As we progress further into our lean journey, we are noticing a slight problem. How do we measure lean? Initially we would have said, What do you mean? We should continue to use our standard measurements. Otherwise, how can we get relative comparisons to what we are doing now. How do we know if these principles are improving our operations?
But as we continue to use our standard cost accounting measurements, we start to notice a contradiction. Lean manufacturing is based on flow, flow of the entire manufacturing process from receiving the order to shipping the order. Cost accounting is based on local
What is the point of the measurements? To give managers relative data in order to make decisions that will ultimately lead to an increased bottom line. Isn’t that ultimately the goal?
optima. Lean tells us our goal should be single piece flow, cost accounting tells us we need to run higher batches in order to amortize setup time over more parts. Lean tells us to not over produce. Cost accounting tells us we need so many parts per hour. Does anyone notice a slight conflict? Not to mention the mountains of data that we need to collect to incorporate these measurements. What is the answer, to abandon all we have been taught, to kill the sacred cow?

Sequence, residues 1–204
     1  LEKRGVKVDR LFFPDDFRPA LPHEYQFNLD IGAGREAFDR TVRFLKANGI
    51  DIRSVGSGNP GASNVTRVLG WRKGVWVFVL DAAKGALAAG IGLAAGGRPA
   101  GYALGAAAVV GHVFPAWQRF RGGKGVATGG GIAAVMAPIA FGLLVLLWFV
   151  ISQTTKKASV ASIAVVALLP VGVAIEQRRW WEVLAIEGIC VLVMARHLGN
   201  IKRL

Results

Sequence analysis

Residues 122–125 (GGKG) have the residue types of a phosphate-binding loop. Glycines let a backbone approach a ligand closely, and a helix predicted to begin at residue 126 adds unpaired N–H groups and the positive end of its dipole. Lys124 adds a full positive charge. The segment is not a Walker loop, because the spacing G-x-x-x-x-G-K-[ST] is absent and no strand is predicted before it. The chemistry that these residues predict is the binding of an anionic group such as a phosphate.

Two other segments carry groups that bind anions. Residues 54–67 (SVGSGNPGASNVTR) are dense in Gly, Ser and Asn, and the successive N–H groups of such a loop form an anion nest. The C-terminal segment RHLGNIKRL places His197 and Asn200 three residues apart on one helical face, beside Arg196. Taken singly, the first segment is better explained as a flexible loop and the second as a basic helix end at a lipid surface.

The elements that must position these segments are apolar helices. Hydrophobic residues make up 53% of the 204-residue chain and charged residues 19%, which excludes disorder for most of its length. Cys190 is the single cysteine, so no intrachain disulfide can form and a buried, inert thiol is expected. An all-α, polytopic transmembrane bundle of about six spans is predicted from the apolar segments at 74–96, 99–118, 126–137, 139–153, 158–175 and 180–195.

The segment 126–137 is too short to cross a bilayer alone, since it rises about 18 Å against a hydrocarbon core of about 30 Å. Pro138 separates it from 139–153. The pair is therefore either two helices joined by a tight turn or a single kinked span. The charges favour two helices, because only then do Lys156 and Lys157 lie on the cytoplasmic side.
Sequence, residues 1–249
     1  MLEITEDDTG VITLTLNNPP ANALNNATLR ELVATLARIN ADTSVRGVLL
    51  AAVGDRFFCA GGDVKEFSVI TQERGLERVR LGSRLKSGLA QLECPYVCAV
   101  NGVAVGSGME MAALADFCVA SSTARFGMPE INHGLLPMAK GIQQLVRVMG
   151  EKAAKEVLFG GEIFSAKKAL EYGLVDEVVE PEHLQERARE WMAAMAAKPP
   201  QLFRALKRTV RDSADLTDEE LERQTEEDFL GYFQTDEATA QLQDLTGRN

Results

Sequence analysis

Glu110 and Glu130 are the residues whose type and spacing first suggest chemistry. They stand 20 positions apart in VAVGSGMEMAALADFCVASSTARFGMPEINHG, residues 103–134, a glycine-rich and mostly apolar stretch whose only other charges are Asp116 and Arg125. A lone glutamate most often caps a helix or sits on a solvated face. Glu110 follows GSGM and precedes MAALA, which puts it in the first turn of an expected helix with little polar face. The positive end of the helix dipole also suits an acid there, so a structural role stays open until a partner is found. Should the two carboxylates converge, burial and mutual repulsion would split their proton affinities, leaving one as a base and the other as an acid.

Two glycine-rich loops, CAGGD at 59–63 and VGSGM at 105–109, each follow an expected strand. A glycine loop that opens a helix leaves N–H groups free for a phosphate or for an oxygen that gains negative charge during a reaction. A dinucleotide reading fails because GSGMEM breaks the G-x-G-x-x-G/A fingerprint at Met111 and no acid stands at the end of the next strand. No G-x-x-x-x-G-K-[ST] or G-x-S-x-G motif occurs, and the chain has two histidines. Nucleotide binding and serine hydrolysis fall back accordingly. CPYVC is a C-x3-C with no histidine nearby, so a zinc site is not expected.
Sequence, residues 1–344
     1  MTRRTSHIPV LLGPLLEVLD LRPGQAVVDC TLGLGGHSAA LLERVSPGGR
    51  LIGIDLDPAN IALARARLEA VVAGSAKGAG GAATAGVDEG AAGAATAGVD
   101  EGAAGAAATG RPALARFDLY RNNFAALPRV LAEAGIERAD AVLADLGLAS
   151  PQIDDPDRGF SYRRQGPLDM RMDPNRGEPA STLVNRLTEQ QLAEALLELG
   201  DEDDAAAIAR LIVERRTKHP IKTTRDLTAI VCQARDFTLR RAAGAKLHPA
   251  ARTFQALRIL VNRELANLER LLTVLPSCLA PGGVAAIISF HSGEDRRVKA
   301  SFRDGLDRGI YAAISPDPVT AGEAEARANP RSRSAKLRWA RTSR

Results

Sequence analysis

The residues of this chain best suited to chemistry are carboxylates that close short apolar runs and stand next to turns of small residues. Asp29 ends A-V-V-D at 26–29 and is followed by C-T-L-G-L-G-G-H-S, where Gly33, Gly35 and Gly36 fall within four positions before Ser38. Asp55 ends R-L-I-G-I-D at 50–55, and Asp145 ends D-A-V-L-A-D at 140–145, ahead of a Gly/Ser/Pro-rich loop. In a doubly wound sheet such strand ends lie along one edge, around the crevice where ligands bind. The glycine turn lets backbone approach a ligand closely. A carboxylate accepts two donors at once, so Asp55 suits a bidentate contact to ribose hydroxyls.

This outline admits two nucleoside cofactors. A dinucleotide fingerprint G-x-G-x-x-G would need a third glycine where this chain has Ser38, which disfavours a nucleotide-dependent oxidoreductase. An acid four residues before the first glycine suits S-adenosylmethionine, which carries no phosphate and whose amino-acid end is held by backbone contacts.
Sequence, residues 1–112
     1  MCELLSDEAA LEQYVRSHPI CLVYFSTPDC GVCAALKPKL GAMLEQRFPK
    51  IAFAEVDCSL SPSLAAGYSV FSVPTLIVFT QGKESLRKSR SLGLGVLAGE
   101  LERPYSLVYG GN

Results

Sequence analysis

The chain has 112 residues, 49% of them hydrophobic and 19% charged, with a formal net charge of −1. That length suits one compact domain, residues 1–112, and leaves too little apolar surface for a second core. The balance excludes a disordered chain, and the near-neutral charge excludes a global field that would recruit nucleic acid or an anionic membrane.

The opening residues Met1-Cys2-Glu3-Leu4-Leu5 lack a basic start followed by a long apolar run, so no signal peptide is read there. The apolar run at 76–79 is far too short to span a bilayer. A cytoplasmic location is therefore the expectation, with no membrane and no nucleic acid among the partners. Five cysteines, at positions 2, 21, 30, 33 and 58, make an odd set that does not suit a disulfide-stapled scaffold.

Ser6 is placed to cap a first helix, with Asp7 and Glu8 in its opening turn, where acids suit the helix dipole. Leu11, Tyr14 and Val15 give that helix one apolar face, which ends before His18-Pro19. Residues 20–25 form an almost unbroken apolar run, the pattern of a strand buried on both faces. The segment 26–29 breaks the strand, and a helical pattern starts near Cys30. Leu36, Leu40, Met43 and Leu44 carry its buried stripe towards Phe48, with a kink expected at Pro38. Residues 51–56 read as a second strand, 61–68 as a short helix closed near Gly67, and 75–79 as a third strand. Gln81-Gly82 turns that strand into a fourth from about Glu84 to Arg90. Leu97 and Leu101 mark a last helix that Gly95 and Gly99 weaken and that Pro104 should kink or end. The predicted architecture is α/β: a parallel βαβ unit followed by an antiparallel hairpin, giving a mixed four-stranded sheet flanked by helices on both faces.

Our feeling is yes, cost accounting no longer offers valid measurements. What is the point of the measurements? To give managers relative data in order to make decisions that will ultimately lead to an increased bottom line. Isn’t that ultimately the goal? Do shareholders care how many parts per hour are produced? Do they care what the direct labor to overhead ratios are? Not really. They want their expectations of EPS and ROI met, whether it is a publicly traded company or solely owned. We need our measurements to reflect real bottom line results, not just to manipulate the numbers according to our mood or the ends of our accounting periods. So what are the valid measurements? How do we give ourselves and our managers the ability to make good decisions that will ultimately result in increased profits? Good question. As we continue on our lean journey, we are starting to explore the concepts of throughput accounting. Creating measurements based on a holistic approach, and not local optima. As we continue forward, we are not only focusing on lean principles, we are also focusing on lean measurements.